Sachs said, “A landscape architect does not just put the ‘parsley around the meatloaf ’ of shrubbery around buildings, but can create strong connections between buildings, so they become roofless spaces like Hornbake Plaza or McKeldin Mall that are these powerful outdoor rooms. If a student can know that nature is good for them and has 10 minutes to go to lunch or get to class, they can choose to take a more nature-rich path and pay a little bit more attention to their surroundings to be in that natural experience and get the benefits. And that benefit is not just an emotional benefit, it is also a cognitive benefit that helps them perform better in class.”

UMD has many advantages as a green campus, including its distinction as a nationally recognized Arboretum & Botanical Garden. With UMD striving to maintain greenery among continued institutional growth, this research gives credence to initiatives like the AgroEcology Corridor. This multidisciplinary initiative spearheaded by AGNR and supported across the university reimagines UMD’s campus as a living-learning environment prioritizing interactive and educational green space. One of Sachs’ graduate students is designing a new therapeutic space for the AgroEcology Corridor.

Washington Hall

In addition to this work, Sachs will continue to explore the many benefits of exposure to nature, including the potential immune-system boosting benefits. “This is the thing we are all so worried about right now, immunity, and nature has the potential to boost cytokines and NK cells (or natural killer cells) that help fight off infections and diseases. It’s this funny conundrum of wanting and knowing it is important to go outside, but feeling afraid because of potential viral transmission. But the more I learn, the less afraid I am to experience nature safely and get those benefits at this important time,” said Sachs.

In addition to green space having measurable effects on mental and physical health, Sachs and colleagues recently found that well-designed and maintained green spaces can potentially reduce gun violence and other violent crime, making communities and cities safer. In a time of high stress for the country, and amid national concerns about violent crime, gun violence, and racism, these findings have clear implications for public health and policy, as well as urban planning and development.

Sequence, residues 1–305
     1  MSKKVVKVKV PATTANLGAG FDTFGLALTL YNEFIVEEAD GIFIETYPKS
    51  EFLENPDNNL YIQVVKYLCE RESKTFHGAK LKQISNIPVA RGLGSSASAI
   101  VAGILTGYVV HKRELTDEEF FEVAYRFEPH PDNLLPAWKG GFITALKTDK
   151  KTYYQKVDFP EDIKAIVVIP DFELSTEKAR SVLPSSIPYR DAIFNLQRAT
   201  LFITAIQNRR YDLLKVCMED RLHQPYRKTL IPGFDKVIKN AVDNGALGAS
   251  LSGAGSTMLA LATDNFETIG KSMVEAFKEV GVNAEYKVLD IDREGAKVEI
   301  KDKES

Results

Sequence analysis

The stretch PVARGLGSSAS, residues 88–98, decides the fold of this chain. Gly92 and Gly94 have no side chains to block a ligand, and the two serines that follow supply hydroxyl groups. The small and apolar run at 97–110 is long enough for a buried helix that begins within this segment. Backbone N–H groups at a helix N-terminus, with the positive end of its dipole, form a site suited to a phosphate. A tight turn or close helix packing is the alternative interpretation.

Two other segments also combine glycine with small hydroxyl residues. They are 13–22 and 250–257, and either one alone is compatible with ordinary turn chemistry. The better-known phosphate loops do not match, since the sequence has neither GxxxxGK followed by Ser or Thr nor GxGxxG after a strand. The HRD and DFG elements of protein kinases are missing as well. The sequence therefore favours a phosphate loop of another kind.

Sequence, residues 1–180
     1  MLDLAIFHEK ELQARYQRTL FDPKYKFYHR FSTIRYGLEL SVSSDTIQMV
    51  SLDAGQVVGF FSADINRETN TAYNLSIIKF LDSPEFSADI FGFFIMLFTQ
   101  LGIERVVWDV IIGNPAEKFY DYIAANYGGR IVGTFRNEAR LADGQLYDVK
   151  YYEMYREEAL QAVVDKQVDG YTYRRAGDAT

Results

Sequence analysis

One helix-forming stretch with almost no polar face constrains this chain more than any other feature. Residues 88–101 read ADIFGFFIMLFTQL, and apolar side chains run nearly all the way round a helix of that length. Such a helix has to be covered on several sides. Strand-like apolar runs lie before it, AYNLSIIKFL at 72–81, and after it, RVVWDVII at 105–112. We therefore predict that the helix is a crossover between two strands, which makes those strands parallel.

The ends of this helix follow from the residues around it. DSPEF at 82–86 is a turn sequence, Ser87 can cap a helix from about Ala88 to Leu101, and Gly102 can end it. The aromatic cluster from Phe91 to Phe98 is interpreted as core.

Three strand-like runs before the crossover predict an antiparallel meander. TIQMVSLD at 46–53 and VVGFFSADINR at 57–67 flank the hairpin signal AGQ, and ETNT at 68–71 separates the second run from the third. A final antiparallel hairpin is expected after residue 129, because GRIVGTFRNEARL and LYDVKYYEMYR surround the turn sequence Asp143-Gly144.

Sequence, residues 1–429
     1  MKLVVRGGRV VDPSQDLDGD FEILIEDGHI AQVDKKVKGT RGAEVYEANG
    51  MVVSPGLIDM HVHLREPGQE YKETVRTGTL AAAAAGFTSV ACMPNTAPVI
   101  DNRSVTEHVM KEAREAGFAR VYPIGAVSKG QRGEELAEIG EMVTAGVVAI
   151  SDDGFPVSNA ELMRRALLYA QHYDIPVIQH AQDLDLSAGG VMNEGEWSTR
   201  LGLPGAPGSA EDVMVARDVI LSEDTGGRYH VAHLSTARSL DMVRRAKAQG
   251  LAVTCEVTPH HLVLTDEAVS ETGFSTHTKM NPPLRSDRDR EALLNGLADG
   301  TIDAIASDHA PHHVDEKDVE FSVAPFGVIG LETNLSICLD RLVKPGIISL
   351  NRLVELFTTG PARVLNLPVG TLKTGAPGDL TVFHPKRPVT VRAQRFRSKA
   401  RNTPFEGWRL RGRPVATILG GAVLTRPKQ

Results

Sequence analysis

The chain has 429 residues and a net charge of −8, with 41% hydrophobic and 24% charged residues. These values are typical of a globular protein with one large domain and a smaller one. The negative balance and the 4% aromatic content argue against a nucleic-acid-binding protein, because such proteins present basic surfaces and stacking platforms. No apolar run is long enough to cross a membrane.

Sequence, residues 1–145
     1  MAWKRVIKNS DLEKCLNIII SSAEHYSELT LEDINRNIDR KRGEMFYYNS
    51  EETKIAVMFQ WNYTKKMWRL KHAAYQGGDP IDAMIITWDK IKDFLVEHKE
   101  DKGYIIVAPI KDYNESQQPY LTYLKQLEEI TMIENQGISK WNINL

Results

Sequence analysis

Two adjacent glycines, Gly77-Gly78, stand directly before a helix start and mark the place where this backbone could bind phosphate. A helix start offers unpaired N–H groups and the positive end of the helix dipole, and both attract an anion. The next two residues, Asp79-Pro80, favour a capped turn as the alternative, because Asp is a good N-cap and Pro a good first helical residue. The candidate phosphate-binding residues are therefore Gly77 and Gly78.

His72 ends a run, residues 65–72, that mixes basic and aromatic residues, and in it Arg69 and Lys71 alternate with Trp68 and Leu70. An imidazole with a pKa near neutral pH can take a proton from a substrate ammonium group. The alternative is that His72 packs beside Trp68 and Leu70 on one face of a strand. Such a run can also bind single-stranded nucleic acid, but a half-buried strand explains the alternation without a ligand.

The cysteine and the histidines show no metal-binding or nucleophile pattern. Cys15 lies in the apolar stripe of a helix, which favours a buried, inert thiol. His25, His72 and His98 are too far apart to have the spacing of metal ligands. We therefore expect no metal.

“All humans are entitled and have the right to spend time in ‘nature-made’ spaces,” said Roberts. Sachs added, “There is a huge amount of inequity when it comes to the distribution of parks in this country. And parks need to be not just parks, but healthy, well-maintained parks with many different types and levels of engagement, including nature engagement. Everyone has a right not just to nature, but to easily accessible and safe nature.”

Sachs strongly believes in the transformative power of green space. “A really great landscape architecture project will be beautiful, healthy for people and wildlife, will manage stormwater correctly and keep the Bay clean, and will even potentially help the regeneration of landscapes rather than just reducing harm. I’m interested in the connections between nature and happiness too, so not just looking at how nature makes the bad stuff less bad, but how nature can increase the good.”

Naomi Sachs

Landscape Architecture

There is a huge amount of inequity when it comes to the distribution of parks in this country...Everyone has a right not just to nature, but to easily accessible and safe nature. “